Friday, July 22, 2011


It turns out your teenager may not be the only insecure one in the household. That moody wallflower sitting in a corner with apprehensive eyes could just as well be Fido! Though your dog does not have to worry about the perfect outfit to wear to the dance, your canine has his or her own reasons for adopting this shy attitude. How can you help your pooch break out of their shell and meet the world with confidence and vigor? We’ve got some tips to eradicate this behavior.

Signs of an Insecure Pooch
Does your dog roll over as soon as you, or other people approach, exposing his or her little dog belly? Does your dog pee when you touch him or her? If your precious pup exhibits signs of this behavior, chances are you have a passive dog on your hands. Other signs of a shy dog are wide fearful eyes or squinted eyes, ears pressed flat against the head, and/or lowering its body to the ground to be as small as possible.

Why is Your Dog Shy?
There are many reasons why a dog might be shy and it can be difficult to pinpoint the root of the cause unless you watched your dog age from a puppy to adulthood. Chances are, if you adopted your dog they might have some fear issues and this probably stems from their upbringing, their former owners, or the way they were treated previously by both humans and/or other animals. This behavior is also inherited from canine parents as well, so if doggie Mom was insecure, it is possible your dog might be too.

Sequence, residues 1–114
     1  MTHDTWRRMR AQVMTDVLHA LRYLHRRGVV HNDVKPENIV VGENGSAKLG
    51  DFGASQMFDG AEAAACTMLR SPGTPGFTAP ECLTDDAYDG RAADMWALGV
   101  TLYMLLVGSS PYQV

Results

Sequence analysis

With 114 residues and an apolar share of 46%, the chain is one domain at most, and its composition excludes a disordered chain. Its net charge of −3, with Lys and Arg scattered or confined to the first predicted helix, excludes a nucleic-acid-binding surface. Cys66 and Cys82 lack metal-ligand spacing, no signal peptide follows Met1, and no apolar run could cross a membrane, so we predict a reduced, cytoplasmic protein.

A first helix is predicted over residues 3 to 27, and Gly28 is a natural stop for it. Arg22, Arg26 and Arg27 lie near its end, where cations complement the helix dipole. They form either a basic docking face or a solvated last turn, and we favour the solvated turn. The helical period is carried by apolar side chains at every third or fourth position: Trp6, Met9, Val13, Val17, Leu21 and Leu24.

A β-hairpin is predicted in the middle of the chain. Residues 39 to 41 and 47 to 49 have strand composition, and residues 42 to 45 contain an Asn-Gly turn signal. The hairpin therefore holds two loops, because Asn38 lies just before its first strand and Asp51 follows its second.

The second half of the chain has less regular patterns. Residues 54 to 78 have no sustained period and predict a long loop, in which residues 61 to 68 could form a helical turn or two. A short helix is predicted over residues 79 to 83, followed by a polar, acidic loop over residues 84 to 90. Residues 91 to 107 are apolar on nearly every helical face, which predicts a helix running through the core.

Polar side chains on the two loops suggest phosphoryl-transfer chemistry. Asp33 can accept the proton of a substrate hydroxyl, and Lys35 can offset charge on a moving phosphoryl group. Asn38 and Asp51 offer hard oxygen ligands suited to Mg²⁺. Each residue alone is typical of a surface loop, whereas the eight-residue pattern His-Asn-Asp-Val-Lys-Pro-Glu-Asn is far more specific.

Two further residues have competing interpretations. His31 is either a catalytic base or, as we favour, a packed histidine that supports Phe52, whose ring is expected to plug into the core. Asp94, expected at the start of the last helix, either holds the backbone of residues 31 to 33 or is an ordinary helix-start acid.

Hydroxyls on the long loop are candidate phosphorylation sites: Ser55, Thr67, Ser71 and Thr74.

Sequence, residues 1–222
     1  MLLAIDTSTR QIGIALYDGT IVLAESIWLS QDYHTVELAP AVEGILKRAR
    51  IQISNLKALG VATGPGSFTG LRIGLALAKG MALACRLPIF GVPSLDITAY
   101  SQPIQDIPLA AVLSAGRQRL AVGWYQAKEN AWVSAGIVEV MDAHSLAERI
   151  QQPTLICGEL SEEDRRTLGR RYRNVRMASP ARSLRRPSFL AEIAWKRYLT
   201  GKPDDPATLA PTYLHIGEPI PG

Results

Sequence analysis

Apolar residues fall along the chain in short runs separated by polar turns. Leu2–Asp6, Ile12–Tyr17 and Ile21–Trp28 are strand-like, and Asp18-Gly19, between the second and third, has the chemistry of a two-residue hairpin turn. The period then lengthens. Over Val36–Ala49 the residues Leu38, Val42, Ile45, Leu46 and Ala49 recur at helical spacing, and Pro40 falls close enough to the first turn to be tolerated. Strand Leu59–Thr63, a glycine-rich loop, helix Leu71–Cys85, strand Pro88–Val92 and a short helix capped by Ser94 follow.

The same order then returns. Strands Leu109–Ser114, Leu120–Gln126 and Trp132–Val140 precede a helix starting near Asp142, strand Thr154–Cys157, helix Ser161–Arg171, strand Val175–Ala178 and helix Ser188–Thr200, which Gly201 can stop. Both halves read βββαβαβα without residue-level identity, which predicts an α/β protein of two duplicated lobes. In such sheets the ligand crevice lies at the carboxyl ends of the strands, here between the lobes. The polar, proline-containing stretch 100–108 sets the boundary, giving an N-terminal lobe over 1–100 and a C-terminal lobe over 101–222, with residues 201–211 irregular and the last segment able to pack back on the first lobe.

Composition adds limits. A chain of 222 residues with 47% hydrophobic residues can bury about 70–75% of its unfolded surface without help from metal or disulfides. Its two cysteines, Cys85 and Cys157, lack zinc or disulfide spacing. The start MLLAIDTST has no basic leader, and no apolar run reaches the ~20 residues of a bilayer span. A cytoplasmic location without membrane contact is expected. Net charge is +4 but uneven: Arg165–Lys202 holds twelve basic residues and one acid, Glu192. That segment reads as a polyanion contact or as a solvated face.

Boost Your Dog’s Confidence
Since you can’t give your dog a shot of confidence you will have to slowly work through the issue. Do not make your dog feel more insecure by engaging in what a pooch can interpret as assertive behavior. This can include towering over your pup, staring them in the eyes, or for some, petting them on the head or back. Stick to a neutral zone like stroking your dog’s chest, and kneel down to their level without looking them in the eye. Encourage guests that come to your house to treat your dog in the same manner and to keep greetings and interactions calm and low-key. It is not a good idea to over-excite an anxious dog. It is important to remember that whatever you do, do not reprimand or scold an insecure dog; it will only make them believe they are not showing you or your guests enough respect and might result in your dog feeling more unconfident. Teach your dog basic training skills and simple commands. Your dog will gain confidence as his or her world expands and your pooch learns new skills.

Agility to the Rescue!
Another wonderful way for your canine to increase their doggie self-esteem is by partaking in agility. Agility is a great dog sport and a powerful way to increase the bond between you and your dog. Canines love having a job to do and agility not only encourages your dog to learn new skills but it allows your dog to be active and have fun while doing it. Morris K9 Campus offers a range of agility classes starting with a beginner level where no prior experience is necessary.

Help your dog tackle their insecurities and approach the world with self-assurance!

1 comment:

  1. I definetly think my dog has insecurities...everytime she gets a "haircut", our children laugh when she returns home and you can feel her confidence and even her mannerisms change. Thanks for sharing.